Slopping food out of a large cooler for her tired dogs Saturday at Lower Slide Lake, Anny Malo lauded her team’s efforts just moments after wrapping up the Pedigree Stage Stop dog sled championship.
“They were amazing all the way through the seven stages,” Malo said. “I can’t believe how strong they were, and I was really pleased with all the team. All 14 dogs are still in good shape.”
With enough separation from the rest of the field on Saturday, all she needed to do was complete the run without any real hiccups. She placed ninth in the final stage and still cruised to the overall title, edging second place Emilie Entrikin by nearly 40 cumulative minutes.
But while the final stage allowed the Quebec native to take in the scenery and cruise, the first five stages showed a three-way race for the title. Lina Streeper entered Friday’s stage in Driggs, Idaho, atop the field, looking for her third-consecutive win at the Stage Stop. Just behind her was Malo, and trailing Malo was Erick Laforce, a fellow newcomer and winner of the first and third stages.
That congestion loosened in Driggs in heartbreaking fashion. Four mushers veered off the trail, Malo, Streeper and Laforce among them. Malo recognized the mistake, got back to the trail and finished third. Streeper and Laforce were not so fortunate. By the time the two front-running mushers realized the error, it was too late; they finished the stage second to last and last. While Malo hit the finish line in 2:12:55 that day, Streeper finished in 3:34:41 and Laforce came across in 3:51:33.
For Malo, there’s no celebrating another musher’s misfortune, even if it did clear a smooth path to victory after a grind through the first six stages.
“I saw that I was in the wrong trail pretty soon, so I was able to turn around the team and go back on the good trail,” Malo said. “But you know the other teams didn’t, so they lost a lot of time. It’s kind of sad because then the race was like a little over for the first three teams who were very close.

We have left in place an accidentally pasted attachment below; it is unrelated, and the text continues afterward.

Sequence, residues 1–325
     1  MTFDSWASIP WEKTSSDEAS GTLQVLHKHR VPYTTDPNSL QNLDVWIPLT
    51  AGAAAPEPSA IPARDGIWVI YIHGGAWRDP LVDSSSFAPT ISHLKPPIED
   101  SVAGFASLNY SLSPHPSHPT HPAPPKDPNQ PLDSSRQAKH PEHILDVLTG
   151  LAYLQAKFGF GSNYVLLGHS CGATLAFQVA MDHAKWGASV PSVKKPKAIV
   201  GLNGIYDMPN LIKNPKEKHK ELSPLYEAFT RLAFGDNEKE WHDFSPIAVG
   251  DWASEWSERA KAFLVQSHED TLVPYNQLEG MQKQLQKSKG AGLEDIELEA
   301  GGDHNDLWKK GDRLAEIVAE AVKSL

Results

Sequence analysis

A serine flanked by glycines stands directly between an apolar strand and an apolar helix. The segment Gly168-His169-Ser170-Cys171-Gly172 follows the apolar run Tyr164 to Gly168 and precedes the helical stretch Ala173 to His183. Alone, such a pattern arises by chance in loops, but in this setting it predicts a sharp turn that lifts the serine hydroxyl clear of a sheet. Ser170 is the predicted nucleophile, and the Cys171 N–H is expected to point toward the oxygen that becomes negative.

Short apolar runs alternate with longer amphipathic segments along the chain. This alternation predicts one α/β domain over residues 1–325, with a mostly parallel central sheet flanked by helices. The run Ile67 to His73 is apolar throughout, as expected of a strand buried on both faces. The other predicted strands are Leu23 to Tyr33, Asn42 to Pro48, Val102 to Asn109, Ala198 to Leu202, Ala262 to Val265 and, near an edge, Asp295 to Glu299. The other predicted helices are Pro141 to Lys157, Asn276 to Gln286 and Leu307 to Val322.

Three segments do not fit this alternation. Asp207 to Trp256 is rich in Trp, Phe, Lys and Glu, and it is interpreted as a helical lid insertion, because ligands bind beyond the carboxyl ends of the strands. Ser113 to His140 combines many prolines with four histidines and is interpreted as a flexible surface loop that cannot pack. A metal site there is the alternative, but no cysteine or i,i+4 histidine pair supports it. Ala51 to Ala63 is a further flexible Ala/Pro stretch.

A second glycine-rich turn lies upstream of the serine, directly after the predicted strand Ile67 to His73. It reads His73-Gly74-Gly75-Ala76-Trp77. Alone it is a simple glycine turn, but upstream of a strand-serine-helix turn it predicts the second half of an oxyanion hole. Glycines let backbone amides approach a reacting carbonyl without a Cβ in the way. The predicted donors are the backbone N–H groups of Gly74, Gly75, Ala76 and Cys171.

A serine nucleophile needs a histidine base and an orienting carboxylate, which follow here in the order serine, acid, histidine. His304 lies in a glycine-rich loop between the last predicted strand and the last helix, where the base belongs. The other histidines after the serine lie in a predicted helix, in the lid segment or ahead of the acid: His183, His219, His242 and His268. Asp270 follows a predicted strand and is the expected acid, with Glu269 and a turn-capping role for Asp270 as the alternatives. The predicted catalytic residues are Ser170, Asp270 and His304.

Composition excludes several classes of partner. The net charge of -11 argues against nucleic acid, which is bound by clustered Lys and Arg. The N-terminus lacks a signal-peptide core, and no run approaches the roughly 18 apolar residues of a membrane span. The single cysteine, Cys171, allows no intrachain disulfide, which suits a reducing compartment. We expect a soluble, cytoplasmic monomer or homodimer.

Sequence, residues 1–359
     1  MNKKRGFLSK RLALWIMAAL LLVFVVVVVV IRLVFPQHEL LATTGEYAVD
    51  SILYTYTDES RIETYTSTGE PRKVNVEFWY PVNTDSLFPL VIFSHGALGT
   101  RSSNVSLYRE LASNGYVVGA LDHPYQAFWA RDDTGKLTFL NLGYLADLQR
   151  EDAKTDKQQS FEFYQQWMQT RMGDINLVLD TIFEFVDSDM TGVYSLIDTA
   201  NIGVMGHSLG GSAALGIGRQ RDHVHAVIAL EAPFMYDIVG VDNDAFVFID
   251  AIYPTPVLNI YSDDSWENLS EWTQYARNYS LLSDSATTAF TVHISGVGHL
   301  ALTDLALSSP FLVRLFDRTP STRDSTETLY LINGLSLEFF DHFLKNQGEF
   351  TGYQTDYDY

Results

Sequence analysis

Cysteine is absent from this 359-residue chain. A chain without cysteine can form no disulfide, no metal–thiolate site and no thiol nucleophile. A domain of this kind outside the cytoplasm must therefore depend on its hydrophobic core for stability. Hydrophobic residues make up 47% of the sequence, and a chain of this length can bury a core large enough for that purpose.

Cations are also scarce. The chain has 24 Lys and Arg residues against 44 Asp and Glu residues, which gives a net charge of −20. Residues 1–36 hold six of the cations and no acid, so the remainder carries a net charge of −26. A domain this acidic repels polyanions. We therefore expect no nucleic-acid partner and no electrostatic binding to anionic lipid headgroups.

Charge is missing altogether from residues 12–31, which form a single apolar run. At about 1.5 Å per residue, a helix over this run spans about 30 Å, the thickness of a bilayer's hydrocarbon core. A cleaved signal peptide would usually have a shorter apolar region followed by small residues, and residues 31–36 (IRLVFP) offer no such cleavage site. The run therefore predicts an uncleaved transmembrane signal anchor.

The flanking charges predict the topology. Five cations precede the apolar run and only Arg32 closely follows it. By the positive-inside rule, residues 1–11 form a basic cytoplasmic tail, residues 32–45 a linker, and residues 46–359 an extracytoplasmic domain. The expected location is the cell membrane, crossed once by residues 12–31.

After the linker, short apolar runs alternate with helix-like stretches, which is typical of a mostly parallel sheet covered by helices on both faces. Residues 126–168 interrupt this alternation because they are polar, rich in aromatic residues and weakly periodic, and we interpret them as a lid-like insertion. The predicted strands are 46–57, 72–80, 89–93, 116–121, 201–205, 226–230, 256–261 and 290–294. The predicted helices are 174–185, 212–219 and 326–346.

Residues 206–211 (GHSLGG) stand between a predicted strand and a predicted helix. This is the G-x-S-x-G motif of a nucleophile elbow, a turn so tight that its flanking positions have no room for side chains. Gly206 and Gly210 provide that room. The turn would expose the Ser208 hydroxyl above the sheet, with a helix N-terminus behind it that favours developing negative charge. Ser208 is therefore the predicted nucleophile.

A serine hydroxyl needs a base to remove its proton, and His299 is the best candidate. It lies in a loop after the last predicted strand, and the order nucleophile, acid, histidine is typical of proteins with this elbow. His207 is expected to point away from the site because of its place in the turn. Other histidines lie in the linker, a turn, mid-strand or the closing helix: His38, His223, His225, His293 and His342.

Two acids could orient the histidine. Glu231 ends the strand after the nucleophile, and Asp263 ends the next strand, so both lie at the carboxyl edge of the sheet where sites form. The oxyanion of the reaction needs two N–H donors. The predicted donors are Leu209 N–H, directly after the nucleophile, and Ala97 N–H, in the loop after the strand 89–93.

“But I guess that happens sometimes and we cannot do anything about it.”
It was unclear how the mistake was made, though Malo suggested maybe a snowmobile or another team hit a previously visible marker. She said she initially went down the wrong trail due to its shape, with her dogs naturally hugging the side of the trail that veered in the wrong direction.
Race marshal Warren Palfrey said there were no issues with the trail markings, and the misfortune of the teams that went awry put a slightly sour note on an otherwise eventful 24th running of the race.
“Well, it’s just an unfortunate thing that happened,” he said. “Things happen during races. It’s real unfortunate they went so far down an unmarked trail before they turned around and got on the right trail.
“It is what it is. Nobody wanted to see that, nobody hoped for that, obviously, but it does happen periodically.”
The hit in the overall standings caused a serious hit to the purse winnings of Streeper and Laforce, too.
Streeper ended up eighth overall, pocketing $6,708. Laforce finished 12th, netting $4,229.
Had the standings heading into Driggs held up, Streeper’s purse would have been in the neighborhood of $15,000. Laforce would have netted around $11,000.
But as Palfrey noted, mishaps are a part of sled dog racing, and the mushers will look to move on quickly. Malo pocketed $14,400 for her team’s performance, and she now presses onward. She said she’ll be racing north of Manitoba in Canada the next three weeks, with her eyes on the Open North American Championships in March in Alaska.